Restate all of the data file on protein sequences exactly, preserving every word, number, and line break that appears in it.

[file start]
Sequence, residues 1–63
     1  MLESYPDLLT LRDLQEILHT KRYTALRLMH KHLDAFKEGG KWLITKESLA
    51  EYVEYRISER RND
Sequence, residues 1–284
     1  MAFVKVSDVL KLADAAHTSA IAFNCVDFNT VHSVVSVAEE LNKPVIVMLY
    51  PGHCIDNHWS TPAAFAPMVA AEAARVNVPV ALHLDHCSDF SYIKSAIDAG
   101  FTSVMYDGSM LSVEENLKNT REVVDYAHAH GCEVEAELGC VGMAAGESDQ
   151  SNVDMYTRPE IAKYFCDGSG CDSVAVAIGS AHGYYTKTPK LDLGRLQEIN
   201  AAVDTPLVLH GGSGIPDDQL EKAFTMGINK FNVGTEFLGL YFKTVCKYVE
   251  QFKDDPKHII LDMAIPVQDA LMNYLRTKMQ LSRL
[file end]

Sequence, residues 1–63
     1  MLESYPDLLT LRDLQEILHT KRYTALRLMH KHLDAFKEGG KWLITKESLA
    51  EYVEYRISER RND
Sequence, residues 1–284
     1  MAFVKVSDVL KLADAAHTSA IAFNCVDFNT VHSVVSVAEE LNKPVIVMLY
    51  PGHCIDNHWS TPAAFAPMVA AEAARVNVPV ALHLDHCSDF SYIKSAIDAG
   101  FTSVMYDGSM LSVEENLKNT REVVDYAHAH GCEVEAELGC VGMAAGESDQ
   151  SNVDMYTRPE IAKYFCDGSG CDSVAVAIGS AHGYYTKTPK LDLGRLQEIN
   201  AAVDTPLVLH GGSGIPDDQL EKAFTMGINK FNVGTEFLGL YFKTVCKYVE
   251  QFKDDPKHII LDMAIPVQDA LMNYLRTKMQ LSRL